Parker referenced “gallery pews,” something common to meeting houses. The second floor of Brookline’s meeting house, therefore, had a “gallery,” an overhanging second-story balcony, on one or possibly on three interior walls. This was an additional seating area. Whether the gallery had box-pews, bench pews, of some combination of the two is not known. There would have been a stairway for access to the gallery.

Such was the Brookline meeting house in 1791, when it set out to serve the combined civic and spiritual interests of the small community. As a town building, the maintenance of the meeting house was supported by town taxes. The services of a minister were also. That provided a security for the chosen religion, but some citizens who did not share its beliefs were forced to bear the expense. By the time Brookline’s meeting house was completed, the traditional thinking about the relationship between religion and government was undergoing change. In 1791, New Hampshire enacted a law that exempted taxpayers from a town’s ministerial tax, so long as they could show that they were contributing financially to the cost of the minister of another religious society. In 1819 a state law ended mandatory religious taxation in towns. While that law allowed for the continued expenditure of town funds for meeting house maintenance, the role of a town meeting house was no longer the same.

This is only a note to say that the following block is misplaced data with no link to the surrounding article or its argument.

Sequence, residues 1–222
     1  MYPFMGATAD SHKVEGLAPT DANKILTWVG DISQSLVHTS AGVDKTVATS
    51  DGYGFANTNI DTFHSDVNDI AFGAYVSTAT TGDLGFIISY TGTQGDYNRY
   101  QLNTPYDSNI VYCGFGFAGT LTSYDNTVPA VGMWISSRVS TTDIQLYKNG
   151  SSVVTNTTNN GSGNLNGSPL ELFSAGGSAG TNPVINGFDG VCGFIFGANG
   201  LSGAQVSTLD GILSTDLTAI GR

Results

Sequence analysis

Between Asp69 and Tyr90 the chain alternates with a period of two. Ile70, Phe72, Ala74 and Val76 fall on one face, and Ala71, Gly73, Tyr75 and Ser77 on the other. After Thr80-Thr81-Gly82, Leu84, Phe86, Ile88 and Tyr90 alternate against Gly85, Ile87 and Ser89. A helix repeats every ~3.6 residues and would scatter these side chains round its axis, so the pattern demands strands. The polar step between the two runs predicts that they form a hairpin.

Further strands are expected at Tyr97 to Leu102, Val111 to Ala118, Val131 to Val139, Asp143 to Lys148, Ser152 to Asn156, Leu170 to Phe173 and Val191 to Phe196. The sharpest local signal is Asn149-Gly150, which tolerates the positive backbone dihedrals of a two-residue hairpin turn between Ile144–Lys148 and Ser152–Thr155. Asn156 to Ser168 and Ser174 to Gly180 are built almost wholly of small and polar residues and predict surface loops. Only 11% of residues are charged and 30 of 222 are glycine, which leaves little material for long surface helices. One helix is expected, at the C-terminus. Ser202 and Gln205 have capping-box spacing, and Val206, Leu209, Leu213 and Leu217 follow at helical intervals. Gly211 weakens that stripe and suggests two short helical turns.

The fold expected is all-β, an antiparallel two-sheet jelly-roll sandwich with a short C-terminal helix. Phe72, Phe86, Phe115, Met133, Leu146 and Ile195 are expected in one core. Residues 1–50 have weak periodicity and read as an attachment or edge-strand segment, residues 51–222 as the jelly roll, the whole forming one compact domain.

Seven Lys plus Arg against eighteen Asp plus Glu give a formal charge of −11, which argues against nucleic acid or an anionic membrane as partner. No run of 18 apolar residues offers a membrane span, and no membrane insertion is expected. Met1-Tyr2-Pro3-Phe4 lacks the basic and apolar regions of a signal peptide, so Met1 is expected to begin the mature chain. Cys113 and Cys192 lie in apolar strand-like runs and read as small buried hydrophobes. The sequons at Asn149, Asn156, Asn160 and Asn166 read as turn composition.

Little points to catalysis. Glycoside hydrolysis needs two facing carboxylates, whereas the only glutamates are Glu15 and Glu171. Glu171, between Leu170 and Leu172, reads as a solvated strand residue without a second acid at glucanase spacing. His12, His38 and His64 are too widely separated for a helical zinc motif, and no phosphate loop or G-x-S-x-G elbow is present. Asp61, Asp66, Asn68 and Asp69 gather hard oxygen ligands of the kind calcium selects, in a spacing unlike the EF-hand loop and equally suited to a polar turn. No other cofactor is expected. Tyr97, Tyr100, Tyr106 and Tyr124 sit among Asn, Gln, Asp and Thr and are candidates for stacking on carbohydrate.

Such a change in thinking did not filter down automatically. It was in 1821 that the Brookline voters first agreed to permit a local religious group other than the Congregationalists to use the meeting house for its services. A town meeting vote in 1831 opened the meeting house doors to other denominations as well. The open-mindedness that made for a shared place of worship, however, apparently had its limits.